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FactCheck: Is this widespread claim about the recent number of deaths by suicide in Ireland true?

The claim has spread widely on Facebook and Twitter and has caused significant distress.

A CLAIM THAT 33 people died by suicide in Ireland during a single week in August has spread rapidly on social media.

The claim has been made and repeated by multiple social media users without evidence to support it.

It has been shared widely on Facebook and Twitter, and has caused distress to many social media users.

Several of the posts making the claim compared deaths by suicide to Covid-19 deaths, and ask for deaths by suicide to receive more attention.

The Claim

The first posts claiming that there were 33 deaths by suicide in Ireland in a week emerged on 28 August, and were quickly repeated by many social media users.

On Facebook, a version of the claim that has been copied and pasted to multiple pages says: “Small bit of information. 33 suicides in Ireland last week? Not a mention about it anywhere???”

Two of the Facebook posts alone that have shared the claim were seen over 185,000 times and 15,0000 times respectively. 

suicide claim Facebook Facebook

On Twitter, one person who shared a similar claim but initially said that the figure was over a month, rather than over a week, said that they heard the information from an “inside source”.

The user tweeted at 11.38am on 29 August that “33 people have ended their own lives in Ireland in the last month, [while] 6 have died with Covid. Let that sink in.”

They replied to their tweet to add: “*heard from an inside source, no way of proving the figures as of yet. She said, it’s next to impossible to get any sort of publication of the figures but last she heard it was up at 33 suicides for August.”

Their first tweet was retweeted over 730 times and liked 1,700 times, while the reply was retweeted four times and liked 36 times.

Suicide claim 4 Twitter Twitter

At 10.30am on 29 August, another Twitter user had tweeted: “How many COVID deaths have we had this week, even this month?? Well I’ve just seen that there were 33 suicides in Ireland this week and we don’t have this being broadcast every day and measures being put in place to stop it. Shambles of a country.”

Several social media users sharing the figure have said that they may be wrong or that they have no source.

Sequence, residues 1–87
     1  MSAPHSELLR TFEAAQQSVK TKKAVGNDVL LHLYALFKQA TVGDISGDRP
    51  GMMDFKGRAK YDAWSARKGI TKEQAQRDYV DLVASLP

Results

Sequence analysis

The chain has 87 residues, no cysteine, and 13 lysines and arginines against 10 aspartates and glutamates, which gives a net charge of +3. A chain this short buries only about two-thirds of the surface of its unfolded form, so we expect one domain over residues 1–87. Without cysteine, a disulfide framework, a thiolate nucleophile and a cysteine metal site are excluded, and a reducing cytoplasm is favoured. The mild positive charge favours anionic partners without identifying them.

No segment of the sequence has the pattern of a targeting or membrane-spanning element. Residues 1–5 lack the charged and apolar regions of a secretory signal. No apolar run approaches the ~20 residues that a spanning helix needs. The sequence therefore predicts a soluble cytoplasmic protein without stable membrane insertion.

The Twitter user who said they had heard from an “inside source” that 33 people had died by suicide in a month retweeted themselves on 31 August and wrote: “I have recently found out that what I was told was wrong. It was 33 in a WEEK! Compare that the just 2 Covid deaths. Again it’s only word of mouth because the government have halted reporting on suicides since lockdown began. You need to be asking why.”

After they were asked for a source, the second user who tweeted at 10.30am on 29 August replied to their original tweet and said: “I read it somewhere yesterday. I haven’t a source. I may be wrong, personally I think a lot of suicides are not recorded. However, my point is that the fall out from Covid and how things are been [sic] done will have a devastating effect and it’s not been highlighted.”

The user’s original tweet, which quoted the 33 figure, was retweeted 1,300 times and liked 8,600 times, but their subsequent reply has only been retweeted once and liked four times.

Additionally, some posts have circulated with claims of figures relating specifically to Galway.

One of these posts on Facebook wrote on 30 August: “So far this month 16 people have died with Covid-19 in Ireland. So far this month 21 people died by suicide in just one county (Galway).”

suicide claim Galway Facebook Facebook

The Evidence

The number of people who die by suicide in Ireland is recorded on an annual basis, as opposed to a weekly or monthly one.

Additionally, a death cannot be determined as a suicide until it has been properly investigated by coroners – a process which takes much longer than a week or a month.

Speaking to, a spokesperson for the HSE said that it would not be appropriate for the HSE to comment specifically on “unverified claims”.